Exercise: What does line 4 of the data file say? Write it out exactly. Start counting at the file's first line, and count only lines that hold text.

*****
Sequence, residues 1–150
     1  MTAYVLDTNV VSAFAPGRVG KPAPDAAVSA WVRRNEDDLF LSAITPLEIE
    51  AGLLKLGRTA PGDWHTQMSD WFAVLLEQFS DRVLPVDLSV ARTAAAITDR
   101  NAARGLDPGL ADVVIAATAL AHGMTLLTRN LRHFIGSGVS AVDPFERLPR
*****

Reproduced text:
   101  NAARGLDPGL ADVVIAATAL AHGMTLLTRN LRHFIGSGVS AVDPFERLPR